Author(s): Laurie Halse AndersonDownload
It’s late summer 1793, and the streets of Philadelphia are abuzz with mosquitoes and rumors of fever. Down near the docks, many have taken ill, and the fatalities are mounting. Now they include Polly, the serving girl at the Cook Coffeehouse. But fourteen-year-old Mattie Cook doesn’t get a moment to mourn the passing of her childhood playmate. New customers have overrun her family’s coffee shop, located far from the mosquito-infested river, and Mattie’s concerns of fever are all but overshadowed by dreams of growing her family’s small business into a thriving enterprise. But when the fever begins to strike closer to home, Mattie’s struggle to build a new life must give way to a new fight—the fight to stay alive.
Some Reviews: 5692 in Goodreads.com
Many years ago I took my now adult kids out of public school to home-school them, and this was one of the first books I bought to add to their reading curriculum and library when I was looking for entertaining ways to teach history. Well, guess what? We all loved this book!! I’ve thought about it often through the years and now… I think it’s time for a re-read. It’s thought provoking in a way younger readers can understand, and older readers can appreciate.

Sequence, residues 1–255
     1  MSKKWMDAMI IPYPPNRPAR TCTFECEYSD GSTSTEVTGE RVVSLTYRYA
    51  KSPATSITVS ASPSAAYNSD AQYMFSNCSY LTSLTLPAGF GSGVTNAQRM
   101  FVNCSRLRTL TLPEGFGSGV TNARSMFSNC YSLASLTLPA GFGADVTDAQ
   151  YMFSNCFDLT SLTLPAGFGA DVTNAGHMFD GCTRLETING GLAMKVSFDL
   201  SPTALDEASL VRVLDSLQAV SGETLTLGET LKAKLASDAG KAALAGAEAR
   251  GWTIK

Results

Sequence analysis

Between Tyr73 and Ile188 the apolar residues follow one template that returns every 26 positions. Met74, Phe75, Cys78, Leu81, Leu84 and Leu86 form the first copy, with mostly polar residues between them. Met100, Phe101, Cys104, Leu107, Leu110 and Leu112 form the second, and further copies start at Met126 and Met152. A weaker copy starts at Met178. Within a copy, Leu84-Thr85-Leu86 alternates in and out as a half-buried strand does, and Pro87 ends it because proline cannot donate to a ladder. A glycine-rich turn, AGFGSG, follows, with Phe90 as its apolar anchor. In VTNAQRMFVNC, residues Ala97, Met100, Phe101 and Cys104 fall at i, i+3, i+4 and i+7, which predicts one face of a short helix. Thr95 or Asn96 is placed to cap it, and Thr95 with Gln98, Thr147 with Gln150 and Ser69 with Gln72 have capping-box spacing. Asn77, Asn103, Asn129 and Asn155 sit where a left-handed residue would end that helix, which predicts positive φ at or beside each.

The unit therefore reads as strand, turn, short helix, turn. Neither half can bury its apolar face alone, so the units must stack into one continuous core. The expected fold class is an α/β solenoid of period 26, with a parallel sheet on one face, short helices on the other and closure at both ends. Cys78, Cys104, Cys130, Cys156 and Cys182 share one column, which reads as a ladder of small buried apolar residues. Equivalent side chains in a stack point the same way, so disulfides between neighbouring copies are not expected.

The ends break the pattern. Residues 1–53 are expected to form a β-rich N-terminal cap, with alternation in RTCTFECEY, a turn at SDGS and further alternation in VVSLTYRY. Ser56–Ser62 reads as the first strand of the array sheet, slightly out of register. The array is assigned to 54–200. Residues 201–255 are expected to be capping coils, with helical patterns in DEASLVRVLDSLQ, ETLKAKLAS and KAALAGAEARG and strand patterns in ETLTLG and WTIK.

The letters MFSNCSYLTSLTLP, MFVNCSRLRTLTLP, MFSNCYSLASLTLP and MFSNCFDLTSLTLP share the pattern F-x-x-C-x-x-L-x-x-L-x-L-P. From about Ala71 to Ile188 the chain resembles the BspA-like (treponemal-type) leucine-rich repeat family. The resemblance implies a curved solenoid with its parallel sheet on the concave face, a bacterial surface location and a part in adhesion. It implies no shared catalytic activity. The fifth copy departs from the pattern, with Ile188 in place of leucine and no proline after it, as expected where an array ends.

It’s late summer 1793, and the streets of Philadelphia are abuzz with mosquitoes and rumors of fever. Down near the docks, many have taken ill, and the fatalities are mounting. Now they include Polly, the serving girl at the Cook Coffeehouse. But fourteen-year-old Mattie Cook doesn’t get a moment to mourn the passing of her childhood playmate. New customers have overrun her family’s coffee shop, located far from the mosquito-infested river, and Mattie’s concerns of fever are all but overshadowed by dreams of growing her family’s small business into a thriving enterprise. But when the fever begins to strike closer to home, Mattie’s struggle to build a new life must give way to a new fight-the fight to stay alive.
I HIGHLY recommend this for readers of all ages.
Fever 1793 is one of the rare children’s novels that I will recommend to adults to read.